Statistical analysis

To test for significant differences among the cell populations between 3 different groups of subjects (HAM/TSP, HVCs, and HCs), one-factor analysis of variance (ANOVA) was done when the variance of each group was equal by Levene test. If the variance of each group was different, the Kruskal-Wallis test was used. For multiple comparisons, we used Sheffe F to analyze statistical difference. The Mann-Whitney U test was used for comparing the differences in the frequencies of cell populations or PVL between patients with HAM/TSP and HVCs. The results represent the mean plus or minus the standard error (SE) where applicable. Correlations between variables were examined by Spearman rank correlation analysis. All statistical analyses were performed using SPSS version 13.5 software (SPSS, Chicago, IL). Values of P less than .05 were considered statistically significant.

Results

The expression of costimulatory molecules on T cells of HTLV-1–infected patients and uninfected controls

To determine whether the frequency of costimulatory molecules differed between patients with HAM/TSP and HVCs as well as HCs, we stained PBMCs with monoclonal antibodies to CD27, CD28, CD80, CD86, and CD152 (cytotoxic T-cell lymphocyte–associated antigen-4 [CTLA-4]) in 3 groups of age-matched patients with HAM/TSP, HVCs, and HCs (Table 2). The percentages of CD8+ cells that were negative for costimulatory molecules were significantly higher in patients with HAM/TSP than in HCs; however, these differences were not observed between HVCs and HCs. Because the mean HTLV-1 PVL of the HAM/TSP group was significantly higher than that of the HVCs (HAM/TSP 805.1 ± 461.0 vs HVCs 354.5 ± 106.2, P = .001, Mann-Whitney), we further compared the frequencies of each costimulatory molecule between patients with HAM/TSP and the HVCs with a similar PVL (HAM/TSP 529.8 ± 79.0 vs HVCs 486.0 ± 104.5, P = .79, Mann-Whitney). The mean frequency of each costimulatory molecule was still significantly higher in patients with HAM/TSP than HCs except for CD8+ CD152 (Table 2), and there was no correlation between the mean frequency of each costimulatory molecule and PVL (data not shown). These data indicate that the observed differences do not simply reflect differences in PVL (ie, in the frequency of HTLV-1–infected cells). Furthermore, although HTLV-1 mainly infects CD4+ cells, the percentages of CD4+ cells that were negative for costimulatory molecules were not significantly different between patients with HAM/TSP and HVCs or HCs (Table S1, available on the Blood website; see the Supplemental Materials link at the top of the online article), indicating that the mean frequency of each costimulatory molecule on CD4+ cells was not influenced by the PVL.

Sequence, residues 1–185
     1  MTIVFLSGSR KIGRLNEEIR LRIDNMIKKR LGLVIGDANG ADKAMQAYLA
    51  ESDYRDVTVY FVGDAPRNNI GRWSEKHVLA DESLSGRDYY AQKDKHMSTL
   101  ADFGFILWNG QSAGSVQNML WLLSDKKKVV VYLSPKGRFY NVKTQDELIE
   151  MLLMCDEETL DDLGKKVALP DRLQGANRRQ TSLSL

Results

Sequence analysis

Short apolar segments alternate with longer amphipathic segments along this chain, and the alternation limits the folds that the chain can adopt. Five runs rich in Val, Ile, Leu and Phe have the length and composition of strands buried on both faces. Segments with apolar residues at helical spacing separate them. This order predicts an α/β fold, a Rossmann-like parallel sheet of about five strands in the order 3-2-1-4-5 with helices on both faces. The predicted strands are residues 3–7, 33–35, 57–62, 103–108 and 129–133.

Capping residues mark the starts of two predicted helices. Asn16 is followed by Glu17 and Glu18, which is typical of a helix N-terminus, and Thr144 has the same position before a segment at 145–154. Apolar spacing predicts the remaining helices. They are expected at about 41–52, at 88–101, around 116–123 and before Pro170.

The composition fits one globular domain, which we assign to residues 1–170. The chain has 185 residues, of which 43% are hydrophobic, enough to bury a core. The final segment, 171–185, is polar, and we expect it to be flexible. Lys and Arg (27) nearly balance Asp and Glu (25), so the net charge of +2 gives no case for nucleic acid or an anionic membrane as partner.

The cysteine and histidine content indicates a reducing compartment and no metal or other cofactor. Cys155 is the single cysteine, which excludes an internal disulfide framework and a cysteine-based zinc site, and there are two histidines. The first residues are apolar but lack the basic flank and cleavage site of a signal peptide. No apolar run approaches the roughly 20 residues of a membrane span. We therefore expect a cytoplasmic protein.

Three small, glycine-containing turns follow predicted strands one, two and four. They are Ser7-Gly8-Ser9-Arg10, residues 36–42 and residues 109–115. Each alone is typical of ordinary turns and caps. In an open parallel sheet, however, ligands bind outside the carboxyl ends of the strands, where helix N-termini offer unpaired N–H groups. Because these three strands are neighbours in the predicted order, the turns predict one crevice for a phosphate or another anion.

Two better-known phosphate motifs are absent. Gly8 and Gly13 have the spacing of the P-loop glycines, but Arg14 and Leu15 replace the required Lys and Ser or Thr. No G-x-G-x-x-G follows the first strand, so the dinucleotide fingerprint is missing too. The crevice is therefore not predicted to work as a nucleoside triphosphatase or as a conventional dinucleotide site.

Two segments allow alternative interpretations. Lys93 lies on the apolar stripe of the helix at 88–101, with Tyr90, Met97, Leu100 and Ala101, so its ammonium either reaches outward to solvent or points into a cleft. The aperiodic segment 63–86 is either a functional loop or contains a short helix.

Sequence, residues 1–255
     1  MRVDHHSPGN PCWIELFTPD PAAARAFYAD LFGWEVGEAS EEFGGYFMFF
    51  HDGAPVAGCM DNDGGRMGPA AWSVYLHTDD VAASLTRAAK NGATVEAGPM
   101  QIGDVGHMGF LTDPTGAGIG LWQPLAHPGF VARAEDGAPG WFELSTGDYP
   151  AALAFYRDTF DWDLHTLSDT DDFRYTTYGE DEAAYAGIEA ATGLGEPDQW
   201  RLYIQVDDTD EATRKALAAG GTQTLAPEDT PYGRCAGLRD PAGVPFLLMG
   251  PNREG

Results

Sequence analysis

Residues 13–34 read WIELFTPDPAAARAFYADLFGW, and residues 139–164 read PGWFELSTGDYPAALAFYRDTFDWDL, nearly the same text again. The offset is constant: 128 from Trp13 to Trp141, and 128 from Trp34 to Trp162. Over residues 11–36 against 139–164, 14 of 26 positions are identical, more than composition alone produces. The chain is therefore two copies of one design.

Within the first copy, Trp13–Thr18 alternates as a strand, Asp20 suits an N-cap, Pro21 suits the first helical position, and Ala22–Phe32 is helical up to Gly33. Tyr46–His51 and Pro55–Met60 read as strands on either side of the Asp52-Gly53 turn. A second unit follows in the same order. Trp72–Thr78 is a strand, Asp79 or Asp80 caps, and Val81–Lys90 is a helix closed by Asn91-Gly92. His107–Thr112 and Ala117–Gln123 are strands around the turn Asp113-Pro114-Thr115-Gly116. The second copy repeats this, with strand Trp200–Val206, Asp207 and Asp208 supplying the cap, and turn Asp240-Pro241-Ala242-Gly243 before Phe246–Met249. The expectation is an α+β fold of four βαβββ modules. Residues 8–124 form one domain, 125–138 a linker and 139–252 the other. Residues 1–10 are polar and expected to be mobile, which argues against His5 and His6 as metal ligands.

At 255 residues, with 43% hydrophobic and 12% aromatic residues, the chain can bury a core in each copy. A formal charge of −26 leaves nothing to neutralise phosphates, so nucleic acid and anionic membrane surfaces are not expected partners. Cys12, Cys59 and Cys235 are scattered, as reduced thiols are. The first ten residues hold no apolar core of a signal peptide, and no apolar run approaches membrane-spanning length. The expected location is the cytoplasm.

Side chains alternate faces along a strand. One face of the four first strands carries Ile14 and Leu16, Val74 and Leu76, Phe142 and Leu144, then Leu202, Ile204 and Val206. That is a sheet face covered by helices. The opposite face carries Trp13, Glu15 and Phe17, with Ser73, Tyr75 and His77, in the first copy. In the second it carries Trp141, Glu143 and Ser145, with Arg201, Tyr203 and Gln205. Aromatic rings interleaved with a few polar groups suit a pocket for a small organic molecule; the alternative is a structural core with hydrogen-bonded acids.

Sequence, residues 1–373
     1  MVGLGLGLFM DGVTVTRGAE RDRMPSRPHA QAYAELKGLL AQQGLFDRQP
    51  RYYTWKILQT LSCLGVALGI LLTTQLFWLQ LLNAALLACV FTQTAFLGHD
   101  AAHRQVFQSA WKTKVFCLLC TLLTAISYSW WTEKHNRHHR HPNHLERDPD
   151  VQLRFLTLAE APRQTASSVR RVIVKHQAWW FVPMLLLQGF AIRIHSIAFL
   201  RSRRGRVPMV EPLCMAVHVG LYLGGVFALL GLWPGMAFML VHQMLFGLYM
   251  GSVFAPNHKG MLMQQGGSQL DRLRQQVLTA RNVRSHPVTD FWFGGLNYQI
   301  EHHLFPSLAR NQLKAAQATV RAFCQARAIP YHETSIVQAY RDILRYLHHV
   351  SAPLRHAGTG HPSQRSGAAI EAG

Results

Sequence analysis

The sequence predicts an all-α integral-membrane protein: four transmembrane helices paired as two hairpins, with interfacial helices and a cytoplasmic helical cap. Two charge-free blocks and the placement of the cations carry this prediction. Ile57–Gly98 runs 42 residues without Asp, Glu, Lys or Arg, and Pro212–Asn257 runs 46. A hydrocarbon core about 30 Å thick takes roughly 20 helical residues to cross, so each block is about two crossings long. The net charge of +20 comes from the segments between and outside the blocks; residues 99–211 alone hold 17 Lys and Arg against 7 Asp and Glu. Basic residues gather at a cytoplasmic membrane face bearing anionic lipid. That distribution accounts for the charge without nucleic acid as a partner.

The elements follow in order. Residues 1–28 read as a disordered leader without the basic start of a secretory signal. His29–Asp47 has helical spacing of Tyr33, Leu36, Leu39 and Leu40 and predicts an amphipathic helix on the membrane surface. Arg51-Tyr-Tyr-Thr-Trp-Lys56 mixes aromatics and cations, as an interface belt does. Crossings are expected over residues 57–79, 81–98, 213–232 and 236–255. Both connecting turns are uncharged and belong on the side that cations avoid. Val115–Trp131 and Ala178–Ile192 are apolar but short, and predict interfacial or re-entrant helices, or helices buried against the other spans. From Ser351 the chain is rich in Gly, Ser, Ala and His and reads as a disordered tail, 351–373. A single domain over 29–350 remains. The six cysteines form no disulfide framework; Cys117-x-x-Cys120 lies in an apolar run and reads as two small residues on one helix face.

Table 2

Ex vivo frequency of CD8+ T cells lacking the costimulatory molecules in peripheral blood mononuclear cells from HTLV-1–infected patients and uninfected healthy controls

Expression of perforin and granzyme B in CD8+CD28 and CD8+CD27 T-cell populations of patients with HAM/TSP and healthy virus carriers

We next focused on the CD8+CD28 T cells and CD8+CD27 T cells, because these subsets include CTLs and because abnormal expansion of these subsets was also described in chronic CMV,26 EBV,27 and HIV20 infection. As shown in Table 2, both percent CD8+CD28 and percent CD8+CD27 T-cell populations in PBMCs were significantly higher in patients with HAM/TSP than in HVCs and HCs, whereas there were no significant differences of percent CD8+CD28 and percent CD8+CD27 T-cell populations between HVCs and HCs. Interestingly, as typical examples show in Figure 1A, the percentages of perforin+CD8+, perforin+CD8+CD28, and perforin+CD8+CD27 T cells were significantly lower in HTLV-1–infected patients (patients with HAM/TSP and HVCs) than in HCs, irrespective of PVL (Figure 1B,D). The differences between HVCs and patients with HAM/TSP were smaller than the differences between HCs and HVCs or patients with HAM/TSP alone, indicating that a selective decrease of perforin expression in CD8+ T cells was associated with persistent HTLV-1 infection. The mean fluorescence intensity (MFI) of the perforin+CD8+, perforin+CD8+CD28, and perforin+CD8+CD27 T-cell populations were significantly lower in patients with HAM/TSP than in HCs, irrespective of PVL (Figure 1B,D). In contrast to the perforin expression, both the percentages and MFI of the GzmB+CD8+, GzmB +CD8+CD28, and GzmB +CD8+CD27 T-cell populations were not significantly different among the 3 subject groups (patients with HAM/TSP, HVCs, and HCs) when HTLV-1–infected patients were compared with a similar proviral load (Figure 1C,E).

Figure 1